I had the chance to chat on Aug. 17 with Frank Gasperini, executive vice president of the Washington, D.C.-based National Council of Agricultural Employers. You can read the entire chat online at thepacker.com/freshtalk.

1:14 p.m. Tom Karst: Hi Frank. thanks for taking time today for a chat.

Frank Gasperini
: Thank you Tom. It is always a privilege to communicate with The Packer.

1:15 p.m. Karst: I know you keep busy. What are some things you have been working on this week?

1:18 p.m. Gasperini: I have been working on several issues this week. As you may know we just had our Summer Ag-Tour and meeting in Sacramento, CA August 4-6 and there has been some follow-up work from that meeting, mostly catching-up from some Health Care and AgJOBS discussions. In addition to that Matt and I participated in ICE/IMAGE training last week and there are four or five critical issues facing ag employers right now. If that was not enough, I was interviewed by CBS 60 Minutes on Friday (8/13) on the issue of Child Labor in Agriculture!

1:19 p.m. Gasperini: Hot issues right now include continuing aggressive I-9 auditing, the apparent coordination of visits by various state and federal enforcement agencies, increased aggressiveness of state and local immigration enforcement laws, and our expectation that we will hear much more about child labor this fall.

1:21 p.m. Karst: A lot to talk about in all those issues.; what was (the 60 minutes interview) like and how do you feel about how it went?

1:21 p.m. Gasperini: The 60 Minutes interview was actually very interesting and was enjoyable in a challenging sort of way. My concern is that although I believe I did well in explaining why farm work was wholesome and can be safe for youth--- the questions continued to equate "child labor" with kids working in mines and sweat-shops and I worry how it will all look once edited. On top of all these ongoing issues, the H-2A guest worker program is not working very well. There are growers worried they might not get their harvest crews in time!

1:23 p.m. Karst: Do you think an issue like child labor plays into the immigration debate? If so, what are the issues that the public might react to?

1:26 p.m. Gasperini: My personal belief is that if we fix immigration, then we can positively address all these other issues including the negative aspects of child labor. The concern by activist groups is not true "youth work" in agriculture but a perception that undocumented migrant children are working 8 to 10 hour days, at very young ages, and not going to school. I don't believe that is as widespread as has been claimed, but as long as we have a broken immigration system it is very difficult to track, substantiate, and take action to make sure that kids who work are of legal ages and are not being kept out of school by work.

1:27 p.m. Karst: Who interviewed you for 60 minutes and do you know when the segment will air?

1:29 p.m. Gasperini: I was face-to-face with Byron Pitts for over an hour, segment hopes to air sometime in the fall. They have been working on this for a couple of months around the country and are wrapping it up now. I was invited on very short notice--- would have loved to have had time to work with some allies on prepping!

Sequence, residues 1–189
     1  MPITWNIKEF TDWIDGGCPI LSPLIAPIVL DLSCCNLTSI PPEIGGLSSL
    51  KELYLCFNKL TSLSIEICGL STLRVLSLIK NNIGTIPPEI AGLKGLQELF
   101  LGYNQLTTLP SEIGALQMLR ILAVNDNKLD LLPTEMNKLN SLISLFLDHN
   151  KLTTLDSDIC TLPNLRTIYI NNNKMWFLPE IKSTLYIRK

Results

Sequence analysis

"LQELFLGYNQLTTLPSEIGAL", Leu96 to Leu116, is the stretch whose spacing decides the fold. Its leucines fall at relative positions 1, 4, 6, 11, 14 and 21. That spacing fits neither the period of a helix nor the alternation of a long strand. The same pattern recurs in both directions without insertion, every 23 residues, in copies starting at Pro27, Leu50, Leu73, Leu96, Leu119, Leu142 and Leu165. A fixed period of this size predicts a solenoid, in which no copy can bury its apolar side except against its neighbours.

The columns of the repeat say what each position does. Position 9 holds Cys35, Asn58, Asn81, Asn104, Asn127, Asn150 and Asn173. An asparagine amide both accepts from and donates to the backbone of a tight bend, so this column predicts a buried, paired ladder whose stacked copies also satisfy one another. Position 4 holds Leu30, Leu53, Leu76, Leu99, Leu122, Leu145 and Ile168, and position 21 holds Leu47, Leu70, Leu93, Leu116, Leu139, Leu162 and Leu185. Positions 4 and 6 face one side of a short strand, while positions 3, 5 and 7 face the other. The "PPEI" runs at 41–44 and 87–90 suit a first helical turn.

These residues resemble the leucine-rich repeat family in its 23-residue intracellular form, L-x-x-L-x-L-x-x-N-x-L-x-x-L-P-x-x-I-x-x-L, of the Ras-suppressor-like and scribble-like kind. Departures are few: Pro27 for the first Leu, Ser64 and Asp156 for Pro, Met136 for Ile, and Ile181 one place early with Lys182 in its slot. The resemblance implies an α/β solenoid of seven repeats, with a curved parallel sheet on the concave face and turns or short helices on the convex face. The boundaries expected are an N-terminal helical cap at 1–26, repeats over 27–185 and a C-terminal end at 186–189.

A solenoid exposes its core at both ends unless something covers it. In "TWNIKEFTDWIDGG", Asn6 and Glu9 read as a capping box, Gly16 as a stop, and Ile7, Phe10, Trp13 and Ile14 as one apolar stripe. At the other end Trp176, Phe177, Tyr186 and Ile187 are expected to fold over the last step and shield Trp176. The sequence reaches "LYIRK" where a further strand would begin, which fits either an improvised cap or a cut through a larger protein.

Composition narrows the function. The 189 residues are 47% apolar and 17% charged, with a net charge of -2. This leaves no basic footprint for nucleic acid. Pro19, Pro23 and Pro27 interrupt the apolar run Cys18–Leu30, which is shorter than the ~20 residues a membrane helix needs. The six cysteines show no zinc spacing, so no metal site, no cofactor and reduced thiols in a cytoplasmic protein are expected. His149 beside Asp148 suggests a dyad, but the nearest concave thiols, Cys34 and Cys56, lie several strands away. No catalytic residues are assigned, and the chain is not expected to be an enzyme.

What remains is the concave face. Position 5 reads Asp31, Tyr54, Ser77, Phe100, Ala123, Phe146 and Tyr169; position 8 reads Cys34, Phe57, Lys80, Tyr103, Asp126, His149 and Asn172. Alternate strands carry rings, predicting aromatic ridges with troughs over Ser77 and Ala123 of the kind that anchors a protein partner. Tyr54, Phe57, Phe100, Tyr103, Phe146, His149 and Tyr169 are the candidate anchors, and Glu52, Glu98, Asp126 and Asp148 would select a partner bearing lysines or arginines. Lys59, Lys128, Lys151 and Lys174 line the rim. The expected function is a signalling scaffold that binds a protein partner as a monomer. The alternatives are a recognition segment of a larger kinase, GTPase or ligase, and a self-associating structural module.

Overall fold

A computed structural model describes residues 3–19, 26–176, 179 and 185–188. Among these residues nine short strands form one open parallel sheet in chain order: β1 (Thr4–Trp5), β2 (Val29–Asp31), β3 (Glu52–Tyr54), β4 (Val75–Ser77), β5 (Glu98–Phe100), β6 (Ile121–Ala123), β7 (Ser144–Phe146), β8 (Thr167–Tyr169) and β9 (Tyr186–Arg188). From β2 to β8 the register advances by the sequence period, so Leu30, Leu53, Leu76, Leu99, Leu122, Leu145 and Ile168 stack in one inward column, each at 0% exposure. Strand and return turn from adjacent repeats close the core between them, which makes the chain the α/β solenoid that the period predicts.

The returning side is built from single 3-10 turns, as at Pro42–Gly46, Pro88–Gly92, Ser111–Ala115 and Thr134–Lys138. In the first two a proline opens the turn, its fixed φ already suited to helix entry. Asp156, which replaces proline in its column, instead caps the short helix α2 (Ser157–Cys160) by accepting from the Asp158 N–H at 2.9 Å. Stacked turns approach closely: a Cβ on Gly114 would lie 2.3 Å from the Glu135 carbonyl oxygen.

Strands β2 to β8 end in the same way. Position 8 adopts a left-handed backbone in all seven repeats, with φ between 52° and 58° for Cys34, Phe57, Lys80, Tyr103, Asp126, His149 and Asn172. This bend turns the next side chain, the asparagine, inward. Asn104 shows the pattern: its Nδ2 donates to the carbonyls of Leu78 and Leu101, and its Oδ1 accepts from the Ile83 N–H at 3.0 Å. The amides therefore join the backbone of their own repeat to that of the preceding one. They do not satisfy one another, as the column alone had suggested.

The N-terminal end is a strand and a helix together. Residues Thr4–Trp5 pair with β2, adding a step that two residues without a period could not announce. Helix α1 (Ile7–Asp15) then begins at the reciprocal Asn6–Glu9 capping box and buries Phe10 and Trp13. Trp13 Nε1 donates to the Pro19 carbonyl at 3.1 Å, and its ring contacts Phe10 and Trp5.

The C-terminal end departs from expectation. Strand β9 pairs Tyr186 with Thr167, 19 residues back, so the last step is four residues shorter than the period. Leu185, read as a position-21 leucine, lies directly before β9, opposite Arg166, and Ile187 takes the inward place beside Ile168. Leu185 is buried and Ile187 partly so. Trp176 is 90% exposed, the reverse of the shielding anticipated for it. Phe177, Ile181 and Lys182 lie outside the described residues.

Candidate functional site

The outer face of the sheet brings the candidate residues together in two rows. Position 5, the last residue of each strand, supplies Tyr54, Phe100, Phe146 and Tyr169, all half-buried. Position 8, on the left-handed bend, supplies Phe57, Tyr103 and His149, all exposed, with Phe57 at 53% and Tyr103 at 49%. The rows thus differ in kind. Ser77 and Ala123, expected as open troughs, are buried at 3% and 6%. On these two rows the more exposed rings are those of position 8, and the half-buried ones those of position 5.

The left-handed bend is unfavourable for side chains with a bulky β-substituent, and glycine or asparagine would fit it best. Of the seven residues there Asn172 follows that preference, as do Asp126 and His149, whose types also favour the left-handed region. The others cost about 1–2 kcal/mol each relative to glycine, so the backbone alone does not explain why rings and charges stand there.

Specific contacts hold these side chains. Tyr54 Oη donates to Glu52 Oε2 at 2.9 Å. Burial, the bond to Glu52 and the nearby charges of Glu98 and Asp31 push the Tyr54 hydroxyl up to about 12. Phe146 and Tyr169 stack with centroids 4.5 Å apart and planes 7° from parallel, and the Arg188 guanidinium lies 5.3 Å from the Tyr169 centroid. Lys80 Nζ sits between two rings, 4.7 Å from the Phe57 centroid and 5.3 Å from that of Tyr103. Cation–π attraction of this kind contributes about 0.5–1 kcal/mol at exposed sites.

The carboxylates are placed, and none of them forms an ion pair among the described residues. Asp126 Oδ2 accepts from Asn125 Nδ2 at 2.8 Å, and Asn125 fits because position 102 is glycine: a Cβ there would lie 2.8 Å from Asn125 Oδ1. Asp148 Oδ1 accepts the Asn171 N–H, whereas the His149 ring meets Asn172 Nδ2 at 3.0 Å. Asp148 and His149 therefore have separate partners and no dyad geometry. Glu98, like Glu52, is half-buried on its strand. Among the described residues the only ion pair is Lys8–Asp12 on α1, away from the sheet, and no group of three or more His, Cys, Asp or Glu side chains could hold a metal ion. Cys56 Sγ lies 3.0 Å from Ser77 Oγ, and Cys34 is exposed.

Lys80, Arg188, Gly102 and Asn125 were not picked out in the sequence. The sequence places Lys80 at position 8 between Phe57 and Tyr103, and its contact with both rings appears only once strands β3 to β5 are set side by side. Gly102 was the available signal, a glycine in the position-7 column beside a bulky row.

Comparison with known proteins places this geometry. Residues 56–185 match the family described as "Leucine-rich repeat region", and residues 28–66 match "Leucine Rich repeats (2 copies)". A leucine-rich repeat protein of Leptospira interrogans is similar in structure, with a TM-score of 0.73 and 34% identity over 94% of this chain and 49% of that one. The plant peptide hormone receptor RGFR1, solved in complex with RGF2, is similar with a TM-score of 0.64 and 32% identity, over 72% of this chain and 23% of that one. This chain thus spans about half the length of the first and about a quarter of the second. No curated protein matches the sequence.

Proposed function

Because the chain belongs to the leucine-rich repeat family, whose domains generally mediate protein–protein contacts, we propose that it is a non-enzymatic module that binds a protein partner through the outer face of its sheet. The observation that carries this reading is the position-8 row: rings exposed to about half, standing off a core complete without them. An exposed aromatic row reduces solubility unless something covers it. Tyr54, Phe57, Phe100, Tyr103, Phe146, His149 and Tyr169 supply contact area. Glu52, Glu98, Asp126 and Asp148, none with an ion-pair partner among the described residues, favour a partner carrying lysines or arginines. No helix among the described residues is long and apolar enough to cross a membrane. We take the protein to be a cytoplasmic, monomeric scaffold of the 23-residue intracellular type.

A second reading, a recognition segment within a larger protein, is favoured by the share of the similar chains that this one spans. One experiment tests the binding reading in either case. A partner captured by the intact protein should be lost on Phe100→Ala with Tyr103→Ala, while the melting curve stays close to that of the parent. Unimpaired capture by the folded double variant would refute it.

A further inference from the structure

1:31 p.m. Karst: Well, you have earned your paycheck for sure. Going back to some of these other issues, we hear about the administration's focus on enforcement - so called silent raids - any anecdotal reports on how those efforts are impacting ag? How do ag employers respond after the fact?

1:34 p.m. Gasperini: They discussed these at the ICE meeting last week. They are proceeding at full speed and have done almost as many audits through July as all of 2009. The term "silent raids" seems to have come about because they send in teams of auditors to the employer rather than armed agents to sweep-up employees, also they are not announcing groups of audits like last year but just proceeding with them. ICE told us the strict and aggressive enforcement would continue. We are hearing about farms in California, Washington and Oregon again but also in New York and some other states. Nothing as dramatic as a few of the very large farms who lost hundreds of employees overnight last year, but still devastating.

1:35 p.m. Karst: So employers are in a tough spot after these raids.. what can they do - and what does ICE expect?
1:36 p.m. Gasperini: Additionally, between Wage and Hour, State Department, USCIS, and the states the situation with H-2A is all but unworkable and getting worse! Relative to ICE audits, perfect I-9 compliance is the only safety net. One veteran ICE speaker said he has never fined anyone who was completely diligent in completing and maintaining their I-9s.

1:39 p.m. Karst: I know I have kept you a while, so one more question. If you were to answer the question - "where is the hope" relative to immigration reform for agriculture, how would you respond?

1:40 p.m. Gasperini: That some senior Senators will be willing to sit down--- across party lines--- and do what is right by starting with AgJOBS and eventually doing the hard work of serving the country and passing reasonable, enforceable, moral, and economically viable reform.

1:41 p.m. Karst: Frank, I again appreciate your insight and time today. Thanks again.

Gasperini: Thank you Tom. It is always a delight to work with you and others in your organization.